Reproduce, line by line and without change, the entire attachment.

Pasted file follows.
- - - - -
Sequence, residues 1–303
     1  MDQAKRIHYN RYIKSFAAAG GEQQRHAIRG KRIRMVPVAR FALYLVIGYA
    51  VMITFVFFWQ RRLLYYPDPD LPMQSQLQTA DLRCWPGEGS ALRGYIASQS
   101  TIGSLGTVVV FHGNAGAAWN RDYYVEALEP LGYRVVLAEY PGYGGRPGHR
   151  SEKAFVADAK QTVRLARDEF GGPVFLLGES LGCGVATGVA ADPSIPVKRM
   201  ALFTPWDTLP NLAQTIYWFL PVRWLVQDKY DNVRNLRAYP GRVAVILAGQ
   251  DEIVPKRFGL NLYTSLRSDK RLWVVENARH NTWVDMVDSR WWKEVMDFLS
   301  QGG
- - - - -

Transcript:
Sequence, residues 1–303
     1  MDQAKRIHYN RYIKSFAAAG GEQQRHAIRG KRIRMVPVAR FALYLVIGYA
    51  VMITFVFFWQ RRLLYYPDPD LPMQSQLQTA DLRCWPGEGS ALRGYIASQS
   101  TIGSLGTVVV FHGNAGAAWN RDYYVEALEP LGYRVVLAEY PGYGGRPGHR
   151  SEKAFVADAK QTVRLARDEF GGPVFLLGES LGCGVATGVA ADPSIPVKRM
   201  ALFTPWDTLP NLAQTIYWFL PVRWLVQDKY DNVRNLRAYP GRVAVILAGQ
   251  DEIVPKRFGL NLYTSLRSDK RLWVVENARH NTWVDMVDSR WWKEVMDFLS
   301  QGG